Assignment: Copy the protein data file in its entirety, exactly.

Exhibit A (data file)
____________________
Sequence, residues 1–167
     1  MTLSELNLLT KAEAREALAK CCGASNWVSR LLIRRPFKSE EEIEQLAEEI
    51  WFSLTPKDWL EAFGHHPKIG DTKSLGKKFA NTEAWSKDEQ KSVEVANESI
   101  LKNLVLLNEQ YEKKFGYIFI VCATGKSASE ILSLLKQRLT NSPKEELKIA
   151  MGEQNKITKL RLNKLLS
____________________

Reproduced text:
Sequence, residues 1–167
     1  MTLSELNLLT KAEAREALAK CCGASNWVSR LLIRRPFKSE EEIEQLAEEI
    51  WFSLTPKDWL EAFGHHPKIG DTKSLGKKFA NTEAWSKDEQ KSVEVANESI
   101  LKNLVLLNEQ YEKKFGYIFI VCATGKSASE ILSLLKQRLT NSPKEELKIA
   151  MGEQNKITKL RLNKLLS